MGM: On the Block, Again MGM's private equity owners are shopping it for $5.2 billion, but the fabled studio faces skeptical bidders and a ticking clock on its credit line

MGM: On the Block, Again MGM’s private equity owners are shopping it for $5.2 billion, but the fabled studio faces skeptical bidders and a ticking clock on its credit line

MGM: On the Block, Again MGM’s private equity owners are shopping it for $5.2 billion, but the fabled studio faces skeptical bidders and a ticking clock on its credit line

MGM: On the Block, Again MGM’s private equity owners are shopping it for $5.2 billion, but the fabled studio faces skeptical bidders and a ticking clock on its credit line

by Ronald Grover
BW Exclusives

The fabled MGM studios, which seems to have had more owners than its James Bond character has had lady friends, is on the block once more. The studio, currently owned by a consortium that includes private equity funds and cable giant Comcast (CMCSA), has asked Goldman Sachs (GS) to sound out potential suitors, according to two sources with knowledge of the process. The asking price—said to be $5.2 billion—is considered hefty for a company that has had few hits and recently jettisoned one of its two top filmmaking executives.

Metro-Goldwyn-Mayer refused to comment. But those with knowledge of the overtures say the company has asked Goldman, which advised the studio when it was last sold in 2004, to focus primarily on so-called strategic buyers—namely other entertainment companies that would likely fold MGM into existing operations. Among those who are said to have taken a look, and so far passed, is the Mumbai-based Reliance ADA Group, which is reportedly in the final stages of providing $500 million in funding to director Steven Spielberg to establish a new DreamWorks film company. Reliance could not be reached for comment.

The decision for MGM to sound out potential buyers is said to have come from its private equity owners, including Providence Equity Partners and TPG. Those two firms, along with Comcast and Sony (SNE), paid roughly $5 billion in debt and equity in September 2004 to acquire the then-publicly traded MGM from its majority owner, billionaire Kirk Kerkorian. In a twist, Kerkorian is said to have recently offered roughly $3 billion for the 84-year-old company, a bid that was quickly dismissed. Kerkorian was not available for comment on Aug. 22.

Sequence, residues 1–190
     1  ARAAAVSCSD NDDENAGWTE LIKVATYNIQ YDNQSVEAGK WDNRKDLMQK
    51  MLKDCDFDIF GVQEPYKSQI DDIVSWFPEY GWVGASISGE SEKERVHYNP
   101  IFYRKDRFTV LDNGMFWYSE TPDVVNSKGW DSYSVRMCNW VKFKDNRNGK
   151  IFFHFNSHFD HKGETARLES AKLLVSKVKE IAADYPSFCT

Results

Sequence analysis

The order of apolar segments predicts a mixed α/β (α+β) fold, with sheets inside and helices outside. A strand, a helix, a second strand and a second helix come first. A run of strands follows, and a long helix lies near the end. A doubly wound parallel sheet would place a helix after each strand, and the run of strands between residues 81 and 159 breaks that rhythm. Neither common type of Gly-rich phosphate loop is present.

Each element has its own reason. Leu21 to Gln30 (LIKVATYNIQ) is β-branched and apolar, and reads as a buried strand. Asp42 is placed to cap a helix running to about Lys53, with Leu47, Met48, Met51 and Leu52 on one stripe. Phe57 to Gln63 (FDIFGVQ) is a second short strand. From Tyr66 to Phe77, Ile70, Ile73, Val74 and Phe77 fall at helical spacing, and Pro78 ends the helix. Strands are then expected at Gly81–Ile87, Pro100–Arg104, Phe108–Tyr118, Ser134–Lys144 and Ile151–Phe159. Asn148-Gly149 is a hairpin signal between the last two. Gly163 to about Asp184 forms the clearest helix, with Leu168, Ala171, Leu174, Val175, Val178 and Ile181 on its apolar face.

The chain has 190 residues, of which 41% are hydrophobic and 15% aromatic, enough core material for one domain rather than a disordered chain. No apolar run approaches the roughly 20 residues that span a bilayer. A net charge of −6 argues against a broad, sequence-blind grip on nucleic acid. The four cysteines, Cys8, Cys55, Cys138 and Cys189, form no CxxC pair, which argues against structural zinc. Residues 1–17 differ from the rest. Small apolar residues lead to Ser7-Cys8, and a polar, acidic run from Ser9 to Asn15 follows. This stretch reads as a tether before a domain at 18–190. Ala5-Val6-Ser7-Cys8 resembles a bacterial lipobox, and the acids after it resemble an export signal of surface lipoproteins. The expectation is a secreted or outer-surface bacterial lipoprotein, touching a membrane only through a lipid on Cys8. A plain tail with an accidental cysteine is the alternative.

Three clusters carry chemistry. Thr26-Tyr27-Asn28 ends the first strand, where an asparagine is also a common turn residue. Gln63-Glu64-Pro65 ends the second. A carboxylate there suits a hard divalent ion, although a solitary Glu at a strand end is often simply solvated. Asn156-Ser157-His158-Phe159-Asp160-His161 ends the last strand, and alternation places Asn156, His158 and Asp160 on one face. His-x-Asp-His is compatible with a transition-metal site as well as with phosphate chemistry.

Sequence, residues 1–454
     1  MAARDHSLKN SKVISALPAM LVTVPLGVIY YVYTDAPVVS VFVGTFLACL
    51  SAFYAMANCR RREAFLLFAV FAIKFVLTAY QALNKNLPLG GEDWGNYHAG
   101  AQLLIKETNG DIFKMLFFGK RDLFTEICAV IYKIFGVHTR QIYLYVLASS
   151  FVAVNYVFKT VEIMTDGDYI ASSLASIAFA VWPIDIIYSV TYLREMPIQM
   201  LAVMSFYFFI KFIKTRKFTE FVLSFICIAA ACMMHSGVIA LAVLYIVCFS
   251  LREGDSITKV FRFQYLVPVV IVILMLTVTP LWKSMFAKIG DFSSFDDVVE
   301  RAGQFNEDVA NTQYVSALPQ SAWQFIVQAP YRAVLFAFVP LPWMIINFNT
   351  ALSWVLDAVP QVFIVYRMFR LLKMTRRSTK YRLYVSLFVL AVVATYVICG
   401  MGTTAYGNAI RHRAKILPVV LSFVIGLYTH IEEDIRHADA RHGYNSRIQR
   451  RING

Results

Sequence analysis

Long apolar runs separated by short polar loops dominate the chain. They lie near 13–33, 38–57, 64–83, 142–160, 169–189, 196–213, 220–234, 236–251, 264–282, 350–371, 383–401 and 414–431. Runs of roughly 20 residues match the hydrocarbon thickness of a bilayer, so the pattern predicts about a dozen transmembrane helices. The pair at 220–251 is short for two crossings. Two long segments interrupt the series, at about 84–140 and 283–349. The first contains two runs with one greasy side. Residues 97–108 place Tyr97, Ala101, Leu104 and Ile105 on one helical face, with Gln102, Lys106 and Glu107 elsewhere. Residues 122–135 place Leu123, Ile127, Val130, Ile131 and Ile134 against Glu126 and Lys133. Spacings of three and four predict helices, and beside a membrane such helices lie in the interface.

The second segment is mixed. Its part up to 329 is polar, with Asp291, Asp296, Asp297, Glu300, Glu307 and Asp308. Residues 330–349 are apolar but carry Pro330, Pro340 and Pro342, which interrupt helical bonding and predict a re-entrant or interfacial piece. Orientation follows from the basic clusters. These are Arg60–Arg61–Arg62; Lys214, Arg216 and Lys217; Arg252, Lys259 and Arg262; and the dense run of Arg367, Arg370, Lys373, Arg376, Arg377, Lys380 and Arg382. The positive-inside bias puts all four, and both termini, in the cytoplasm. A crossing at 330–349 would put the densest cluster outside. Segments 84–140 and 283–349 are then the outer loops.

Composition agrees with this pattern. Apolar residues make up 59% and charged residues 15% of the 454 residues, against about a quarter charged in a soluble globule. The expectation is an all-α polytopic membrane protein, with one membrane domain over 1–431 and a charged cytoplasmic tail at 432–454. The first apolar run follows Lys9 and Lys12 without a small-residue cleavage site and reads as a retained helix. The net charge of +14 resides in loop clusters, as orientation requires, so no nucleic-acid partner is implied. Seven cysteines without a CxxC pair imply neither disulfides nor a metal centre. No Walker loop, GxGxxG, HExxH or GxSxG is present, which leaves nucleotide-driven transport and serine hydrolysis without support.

DECLINING DVD REVENUES

Even so, it is unlikely that the current MGM owners will get their $5.2 billion asking price, according to one prominent Wall Street dealmaker who has been privy to the thinking of potential buyers. The studio, home to such iconic franchises as James Bond, Rocky, and the Pink Panther, generates much of its revenue from a 4,000-title library of older films. Last year that catalog generated $558 million in cash, but the DVD market has begun to decline seriously. At the end of August, the company will get the last of a series of distribution fees totaling $625 million from News Corp.’s Twentieth Century Fox (NWS), which distributes MGM’s DVDs. The private company lost $400 million in its most recent fiscal year, which ended in March, MGM told The New York Times (NYT) recently.

In 2009, MGM is scheduled to win back the rights to the James Bond franchise from Sony, which Sony won for its help in assembling the 2004 buyout. Bond is clearly the studio’s major selling point, with that franchise alone estimated to be worth $2 billion. But MGM is still struggling under massive debt—$3.7 billion from the initial acquisition and $250 million it has committed from a $500 million revolving credit line its CEO, Harry Sloan, arranged for the company’s United Artists unit. The first film under that fund—the 2007 Robert Redford-Tom Cruise-Meryl Streep flick Lions for Lamb—lost about half of MGM’s $75 million investment. Another UA film, the World War II thriller Valkyrie, will cost $180 million to produce and market later this year.

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